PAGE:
COLUMBUS, Ind. — Cummins Inc. has halted some of its operations in Russia following the country’s invasion of Ukraine and is denying media reports that it was contributing engines or parts to military-vehicle production in Russia.
The Columbus-based company said Tuesday it has stopped some operations in Russia — including shipments of engines with more than 400 horsepower — to customers in the country to ensure “those can’t be used improperly,” corporate spokesman Jon Mills told The Republic.
In Russia, Cummins mainly sells engines in the agricultural sector, backup generators for hospitals, as well as engines for smaller vehicles and electric truck and bus engines, among other products, but does not conduct any business there in the military or defense sectors, the company said.
Cummins has more than 700 employees in Russia but none based in Ukraine.
“We have halted some of our operations, but we are continuing to conduct business with Russia that supports the health and safety of citizens on the ground where Cummins equipment powers parts of the agricultural sector, hospitals and many other elements of daily life and not for the defense or military,” Mills said. “Our intent is to limit the impact on citizens who are not participants in this invasion.”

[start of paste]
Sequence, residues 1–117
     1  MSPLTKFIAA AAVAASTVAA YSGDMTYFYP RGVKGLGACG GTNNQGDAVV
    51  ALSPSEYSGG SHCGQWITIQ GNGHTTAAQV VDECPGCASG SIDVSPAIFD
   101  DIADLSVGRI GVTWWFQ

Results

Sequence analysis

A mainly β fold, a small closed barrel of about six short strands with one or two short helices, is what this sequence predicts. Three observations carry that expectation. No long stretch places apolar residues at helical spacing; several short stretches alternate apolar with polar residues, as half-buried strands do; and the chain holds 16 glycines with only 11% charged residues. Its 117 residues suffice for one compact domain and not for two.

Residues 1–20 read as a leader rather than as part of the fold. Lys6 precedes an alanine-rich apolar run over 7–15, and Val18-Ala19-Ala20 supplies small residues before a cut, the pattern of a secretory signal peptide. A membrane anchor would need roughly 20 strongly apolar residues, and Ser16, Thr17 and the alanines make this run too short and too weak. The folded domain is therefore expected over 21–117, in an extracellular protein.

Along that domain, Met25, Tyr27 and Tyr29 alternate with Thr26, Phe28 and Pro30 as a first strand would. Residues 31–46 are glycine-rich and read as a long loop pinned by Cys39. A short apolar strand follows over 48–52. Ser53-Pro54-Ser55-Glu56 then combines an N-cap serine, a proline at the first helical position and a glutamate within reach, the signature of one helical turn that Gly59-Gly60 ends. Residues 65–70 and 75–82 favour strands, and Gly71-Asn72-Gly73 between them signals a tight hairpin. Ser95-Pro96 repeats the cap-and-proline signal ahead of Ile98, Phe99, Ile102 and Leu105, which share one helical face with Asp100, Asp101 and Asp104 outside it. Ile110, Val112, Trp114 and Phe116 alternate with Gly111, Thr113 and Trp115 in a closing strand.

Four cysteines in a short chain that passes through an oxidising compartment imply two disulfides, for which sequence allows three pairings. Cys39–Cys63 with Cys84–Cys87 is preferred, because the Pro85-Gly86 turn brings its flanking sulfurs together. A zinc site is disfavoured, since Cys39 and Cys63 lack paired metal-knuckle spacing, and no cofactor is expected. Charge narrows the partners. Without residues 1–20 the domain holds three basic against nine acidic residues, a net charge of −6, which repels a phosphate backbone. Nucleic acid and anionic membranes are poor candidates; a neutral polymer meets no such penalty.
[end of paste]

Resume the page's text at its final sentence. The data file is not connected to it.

The update from Cummins came as the United States and its allies continue to ratchet up sanctions against Russia in the days following the invasion of Ukraine, including a U.S. ban on Russian oil imports announced on Tuesday.
Russia’s invasion of Ukraine also has thrown business plans into disarray, The Associated Press reported.
McDonald’s said Tuesday it would temporarily close its 850 restaurants in Russia. Starbucks soon followed suit, announcing that it would close 130 restaurants in the country. Pepsi said it would halt soda sales but would continue to manufacture milk, dairy products, baby formula and food.
Cummins, for its part, said it is in compliance with all sanctions, export control requirements and company policies. Additionally, company officials adamantly denied media reports suggesting that “the Russian army is Cummins-powered,” saying those allegations were completely false.
“We also know there have been false and inaccurate reports in the media and on social media about our company and our operations in Russia,” Mills said. “We want to be clear that, for years now, Cummins has, and will continue to prohibit, our products from being used in Russian military and defense equipment from Cummins directly, from our customers, and from our joint venture.”
For the complete story, see Wednesday’s Republic.